The real story of the Chernobyl DIVERS

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History is littered with events that evoke powerful memories with the utterance of just one word… Watergate, Dunkirk, and Titanic. When it comes to evoking feelings of dread, there is one that fills the mind with a myriad of destructive imagery and connotation even to this day. That word is Chernobyl.

Thirty-three years ago at the Chernobyl Nuclear Power Plant near the city of Pripyat in Ukraine, a late night safety test went wrong and the world experienced the worst nuclear accident of all time. Dozens of people were killed in the immediate aftermath and thousands more in the ensuing years. The disaster released 400 times more radiation into the atmosphere than the atomic bomb dropped on Hiroshima and contaminated millions of acres of surrounding land. Few people realise though that the scale of destruction could have been far worse if it weren’t for the bravery of three volunteers.

On 4 May 1986, just a few days after the initial disaster, mechanical engineer Alexei Ananenko, senior engineer Valeri Bespalov and shift supervisor Boris Baranov stepped forward to undertake a mission that many considered to be suicide. They were advised that if they did not survive their families would be taken care of. The outcome of their mission would decide the fate of millions of people; its importance was unparalleled in its magnitude and represents one of history’s greatest sliding doors moments. So what exactly was their mission?

On the day of the disaster and in an effort to control the blazing fire, firefighters pumped water into the nuclear reactor. One of the side effects was that it flooded the basement with radioactive water. This basement contained the valves that when turned would drain the ‘bubbler pools’ that sat beneath the reactor and which acted as a coolant for the plant.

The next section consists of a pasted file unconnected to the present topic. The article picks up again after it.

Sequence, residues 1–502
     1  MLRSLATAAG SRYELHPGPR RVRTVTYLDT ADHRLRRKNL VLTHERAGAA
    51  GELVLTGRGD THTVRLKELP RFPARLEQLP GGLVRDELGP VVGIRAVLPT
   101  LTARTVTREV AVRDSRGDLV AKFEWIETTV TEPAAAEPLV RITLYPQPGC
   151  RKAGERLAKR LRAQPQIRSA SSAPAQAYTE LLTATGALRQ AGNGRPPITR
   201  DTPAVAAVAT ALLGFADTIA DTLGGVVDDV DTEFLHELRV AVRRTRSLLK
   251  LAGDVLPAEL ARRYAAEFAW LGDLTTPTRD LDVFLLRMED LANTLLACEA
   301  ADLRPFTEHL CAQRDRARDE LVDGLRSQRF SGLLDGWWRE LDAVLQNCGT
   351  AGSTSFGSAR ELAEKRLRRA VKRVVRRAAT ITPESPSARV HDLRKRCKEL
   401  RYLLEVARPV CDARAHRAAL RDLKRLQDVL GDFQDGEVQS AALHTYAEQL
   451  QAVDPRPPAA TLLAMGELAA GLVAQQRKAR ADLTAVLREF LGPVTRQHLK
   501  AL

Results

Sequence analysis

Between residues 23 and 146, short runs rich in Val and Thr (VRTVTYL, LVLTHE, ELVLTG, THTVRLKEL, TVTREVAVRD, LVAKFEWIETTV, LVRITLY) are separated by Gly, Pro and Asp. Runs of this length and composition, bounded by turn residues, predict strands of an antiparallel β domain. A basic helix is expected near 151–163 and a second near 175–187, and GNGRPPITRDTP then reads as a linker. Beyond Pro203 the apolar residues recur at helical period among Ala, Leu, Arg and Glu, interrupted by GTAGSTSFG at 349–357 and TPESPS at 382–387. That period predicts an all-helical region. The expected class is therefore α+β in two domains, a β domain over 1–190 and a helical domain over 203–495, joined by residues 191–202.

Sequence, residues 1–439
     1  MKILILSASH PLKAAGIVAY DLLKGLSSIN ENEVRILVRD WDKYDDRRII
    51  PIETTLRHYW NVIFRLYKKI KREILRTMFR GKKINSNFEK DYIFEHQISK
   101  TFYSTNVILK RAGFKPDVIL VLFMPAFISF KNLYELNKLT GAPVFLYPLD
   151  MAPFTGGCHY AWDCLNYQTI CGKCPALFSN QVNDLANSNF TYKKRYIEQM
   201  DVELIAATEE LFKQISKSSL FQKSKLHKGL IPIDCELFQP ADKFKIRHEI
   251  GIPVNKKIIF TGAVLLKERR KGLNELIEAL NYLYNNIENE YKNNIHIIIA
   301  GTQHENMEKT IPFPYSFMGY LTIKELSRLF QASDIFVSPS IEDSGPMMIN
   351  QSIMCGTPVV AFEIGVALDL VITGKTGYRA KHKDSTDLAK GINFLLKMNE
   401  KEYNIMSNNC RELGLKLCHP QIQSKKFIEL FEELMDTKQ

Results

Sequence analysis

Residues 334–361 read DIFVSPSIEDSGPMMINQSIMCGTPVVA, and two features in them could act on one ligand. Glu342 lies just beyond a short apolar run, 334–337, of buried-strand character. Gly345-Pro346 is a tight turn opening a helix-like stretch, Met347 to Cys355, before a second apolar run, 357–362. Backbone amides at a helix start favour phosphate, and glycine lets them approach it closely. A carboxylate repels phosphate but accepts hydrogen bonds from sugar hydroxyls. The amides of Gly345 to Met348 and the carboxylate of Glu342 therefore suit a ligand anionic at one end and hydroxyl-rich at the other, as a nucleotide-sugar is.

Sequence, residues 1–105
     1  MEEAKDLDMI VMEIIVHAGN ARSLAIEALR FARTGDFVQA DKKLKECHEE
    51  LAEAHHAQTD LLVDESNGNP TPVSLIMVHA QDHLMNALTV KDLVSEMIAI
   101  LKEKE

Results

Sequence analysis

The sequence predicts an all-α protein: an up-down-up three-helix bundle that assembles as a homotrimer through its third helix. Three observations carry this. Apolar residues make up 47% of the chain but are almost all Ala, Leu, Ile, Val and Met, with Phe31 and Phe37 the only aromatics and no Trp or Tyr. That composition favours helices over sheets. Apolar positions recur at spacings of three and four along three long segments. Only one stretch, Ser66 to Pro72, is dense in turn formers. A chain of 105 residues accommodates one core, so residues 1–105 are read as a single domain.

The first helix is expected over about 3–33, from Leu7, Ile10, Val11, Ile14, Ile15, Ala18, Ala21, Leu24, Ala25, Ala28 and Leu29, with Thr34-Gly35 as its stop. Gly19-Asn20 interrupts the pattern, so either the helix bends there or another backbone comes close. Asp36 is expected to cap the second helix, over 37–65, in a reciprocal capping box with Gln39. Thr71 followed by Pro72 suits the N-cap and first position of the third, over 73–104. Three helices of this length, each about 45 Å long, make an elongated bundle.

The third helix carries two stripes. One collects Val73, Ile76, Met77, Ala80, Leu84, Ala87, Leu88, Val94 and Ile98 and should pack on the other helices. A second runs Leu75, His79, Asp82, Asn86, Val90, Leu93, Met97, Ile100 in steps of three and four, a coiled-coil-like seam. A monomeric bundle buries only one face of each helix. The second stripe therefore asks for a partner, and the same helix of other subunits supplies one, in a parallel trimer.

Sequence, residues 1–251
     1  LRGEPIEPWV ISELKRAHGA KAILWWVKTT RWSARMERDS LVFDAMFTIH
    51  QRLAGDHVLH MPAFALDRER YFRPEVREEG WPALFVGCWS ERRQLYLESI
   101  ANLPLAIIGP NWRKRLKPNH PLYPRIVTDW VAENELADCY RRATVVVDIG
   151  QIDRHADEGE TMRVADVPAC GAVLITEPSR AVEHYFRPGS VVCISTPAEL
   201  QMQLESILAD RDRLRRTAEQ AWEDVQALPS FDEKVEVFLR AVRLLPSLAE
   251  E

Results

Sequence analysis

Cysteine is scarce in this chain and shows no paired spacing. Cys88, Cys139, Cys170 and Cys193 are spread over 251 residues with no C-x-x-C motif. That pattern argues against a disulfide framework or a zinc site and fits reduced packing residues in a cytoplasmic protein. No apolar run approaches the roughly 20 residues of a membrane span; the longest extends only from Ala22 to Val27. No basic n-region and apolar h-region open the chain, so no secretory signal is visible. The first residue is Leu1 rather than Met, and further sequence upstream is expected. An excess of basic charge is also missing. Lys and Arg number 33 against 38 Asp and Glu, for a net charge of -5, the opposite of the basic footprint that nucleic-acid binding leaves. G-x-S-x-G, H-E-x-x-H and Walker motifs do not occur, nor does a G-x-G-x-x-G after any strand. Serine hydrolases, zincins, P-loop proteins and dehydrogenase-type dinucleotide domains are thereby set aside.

Within a few days it was discovered that molten nuclear material was melting through the concrete reactor floor, making its way slowly down towards the pools below. If the lava-like substance made contact with the water it would cause a radiation-contaminated steam explosion that would destroy the entire plant along with its three other reactors, causing unimaginable damage and nuclear fallout the world would struggle to recover from. The pools containing some 20 million litres of water had to be drained and the only way to do that was by manually turning the correct valves down in the now flooded basement. Enter our three heroes.

If the three courageous men were not successful in their mission the Chernobyl death toll was likely to reach the millions. Nuclear physicist Vassili Nesterenko declared that the blast would have had a force of 3-5 megatons leaving much of Europe uninhabitable for hundreds of thousands of years.